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Journal of Molecular Neuroscience

, Volume 49, Issue 1, pp 21–27 | Cite as

Trichostatin A Enhances Glutamate Transporter GLT-1 mRNA Levels in C6 Glioma Cells via Neurosteroid-Mediated Cell Differentiation

  • Mari Itoh
  • Takara Hiroi
  • Naoyoshi Nishibori
  • Takefumi Sagara
  • Song Her
  • Mi-Sook Lee
  • Kyoji MoritaEmail author
Article

Abstract

The neurotoxic effects of excitatory amino acids (EAAs) are suggested to be connected with the chronic loss of neuronal cells, thereby being responsible for the age-related neurodegenerative diseases. Therefore, it seems conceivable that the excitatory amino acid transporters may contribute to the protection of neuronal cells against the excitotoxic damage by facilitating the removal of EAAs from the brain tissue. On the other hand, previous studies have suggested that glial cell differentiation may be involved in the protection and recovery of neural function probably through the elevation of BDNF gene expression in the brain. Based on these findings, histone deacetylase (HDAC) inhibitors are assumed to induce glutamate transporter-1 (GLT-1) gene expression probably through the promotion of glial cell differentiation. Then, we examined the effects of HDAC inhibitors on GLT-1 mRNA levels in rat C6 glioma cells and found that trichostatin A can induce GLT-1 gene transcription following steroid 5α-reductase and GFAP gene expression. Therefore, it seems conceivable that glial cell differentiation may play a potential role in the removal of EAAs probably through the expression of GLT-1, thereby being involved in the protection of neuronal cells against the chronic excitotoxic insults in the brain.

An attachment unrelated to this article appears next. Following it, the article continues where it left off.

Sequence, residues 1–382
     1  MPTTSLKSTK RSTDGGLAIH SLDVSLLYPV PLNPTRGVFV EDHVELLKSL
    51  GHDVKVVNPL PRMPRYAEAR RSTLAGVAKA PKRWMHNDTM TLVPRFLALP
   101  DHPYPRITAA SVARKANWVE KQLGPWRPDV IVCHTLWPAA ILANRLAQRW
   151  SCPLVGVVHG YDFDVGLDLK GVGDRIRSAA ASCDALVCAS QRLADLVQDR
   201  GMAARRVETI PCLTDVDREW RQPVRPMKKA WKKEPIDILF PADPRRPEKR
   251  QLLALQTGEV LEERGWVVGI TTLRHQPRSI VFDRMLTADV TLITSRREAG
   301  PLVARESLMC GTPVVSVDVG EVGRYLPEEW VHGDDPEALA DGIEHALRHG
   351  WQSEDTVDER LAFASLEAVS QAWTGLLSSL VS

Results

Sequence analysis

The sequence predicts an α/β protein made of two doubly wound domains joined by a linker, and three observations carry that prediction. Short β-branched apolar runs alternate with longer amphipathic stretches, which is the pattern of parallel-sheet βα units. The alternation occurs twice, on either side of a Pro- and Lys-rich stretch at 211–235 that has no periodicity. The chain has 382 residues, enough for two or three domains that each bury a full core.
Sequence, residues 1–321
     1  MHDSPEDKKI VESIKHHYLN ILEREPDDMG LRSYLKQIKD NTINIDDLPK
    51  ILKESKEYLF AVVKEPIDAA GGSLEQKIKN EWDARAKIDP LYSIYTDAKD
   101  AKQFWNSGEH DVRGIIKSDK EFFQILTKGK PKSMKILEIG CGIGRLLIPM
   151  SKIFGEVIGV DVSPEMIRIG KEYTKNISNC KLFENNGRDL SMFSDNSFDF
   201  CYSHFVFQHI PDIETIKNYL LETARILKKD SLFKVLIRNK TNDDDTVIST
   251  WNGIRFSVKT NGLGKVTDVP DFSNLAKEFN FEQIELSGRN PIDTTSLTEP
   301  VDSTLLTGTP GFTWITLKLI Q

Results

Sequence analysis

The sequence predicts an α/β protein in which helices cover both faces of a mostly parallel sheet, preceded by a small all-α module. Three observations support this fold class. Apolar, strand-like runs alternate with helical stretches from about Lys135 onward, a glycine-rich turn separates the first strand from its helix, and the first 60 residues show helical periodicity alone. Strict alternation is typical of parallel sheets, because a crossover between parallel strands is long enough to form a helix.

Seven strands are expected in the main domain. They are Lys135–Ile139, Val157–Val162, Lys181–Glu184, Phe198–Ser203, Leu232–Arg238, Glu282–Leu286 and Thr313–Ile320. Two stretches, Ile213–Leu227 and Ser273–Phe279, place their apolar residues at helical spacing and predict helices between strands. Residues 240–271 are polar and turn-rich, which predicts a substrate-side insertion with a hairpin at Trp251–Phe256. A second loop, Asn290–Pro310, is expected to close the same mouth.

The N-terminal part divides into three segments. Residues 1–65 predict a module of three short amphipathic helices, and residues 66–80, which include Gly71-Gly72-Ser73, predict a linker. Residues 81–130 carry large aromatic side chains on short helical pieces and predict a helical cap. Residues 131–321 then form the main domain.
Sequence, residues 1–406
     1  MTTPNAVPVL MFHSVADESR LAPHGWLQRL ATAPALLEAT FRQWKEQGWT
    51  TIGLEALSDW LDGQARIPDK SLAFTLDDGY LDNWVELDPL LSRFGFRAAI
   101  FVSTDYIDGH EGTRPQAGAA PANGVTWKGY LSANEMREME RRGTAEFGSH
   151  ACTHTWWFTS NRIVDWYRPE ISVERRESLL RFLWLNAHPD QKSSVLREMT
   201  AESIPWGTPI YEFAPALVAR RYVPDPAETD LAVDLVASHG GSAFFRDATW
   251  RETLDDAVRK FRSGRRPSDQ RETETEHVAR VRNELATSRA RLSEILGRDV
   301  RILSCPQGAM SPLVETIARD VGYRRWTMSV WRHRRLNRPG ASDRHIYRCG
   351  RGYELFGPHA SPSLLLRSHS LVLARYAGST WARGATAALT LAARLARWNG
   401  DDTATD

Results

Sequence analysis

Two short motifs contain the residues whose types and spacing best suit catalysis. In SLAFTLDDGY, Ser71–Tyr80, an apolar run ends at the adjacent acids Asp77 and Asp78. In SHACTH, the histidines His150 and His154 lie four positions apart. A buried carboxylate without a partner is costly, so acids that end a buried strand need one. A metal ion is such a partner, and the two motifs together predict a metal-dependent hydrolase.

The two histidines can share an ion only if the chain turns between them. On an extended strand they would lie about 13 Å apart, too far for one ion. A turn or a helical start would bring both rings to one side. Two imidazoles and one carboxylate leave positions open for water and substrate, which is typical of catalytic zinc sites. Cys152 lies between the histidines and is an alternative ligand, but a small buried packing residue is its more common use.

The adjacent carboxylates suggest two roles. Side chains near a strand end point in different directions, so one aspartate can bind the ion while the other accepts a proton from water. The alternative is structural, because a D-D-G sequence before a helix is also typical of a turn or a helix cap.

Keywords

Trichostatin A Glial cell differentiation GLT-1 gene expression Neuroprotective function Excitotoxic damage 

Notes

Acknowledgments

This work was supported in part by the funds provided by Kohken Co. Inc. (Sapporo, Japan) and Navio Co. Ltd. (Hiroshima, Japan).

Conflict of Interest Statement

There is no conflict of interest associated with the authors of this paper, and the fund sponsors did not cause any inappropriate influence on this work.

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Copyright information

© Springer Science+Business Media, LLC 2012

Authors and Affiliations

  • Mari Itoh
    • 1
  • Takara Hiroi
    • 1
  • Naoyoshi Nishibori
    • 2
  • Takefumi Sagara
    • 2
  • Song Her
    • 3
  • Mi-Sook Lee
    • 3
  • Kyoji Morita
    • 1
    Email author
  1. 1.Laboratory of Neuropharmacology, Department of NursingShikoku University School of Health SciencesTokushimaJapan
  2. 2.Laboratory of Cell Biology and Toxicology, Department of Food Science and NutritionShikoku Junior CollegeTokushimaJapan
  3. 3.Division of Bio-Imaging, Chuncheon CenterKorea Basic Science InstituteChuncheonSouth Korea

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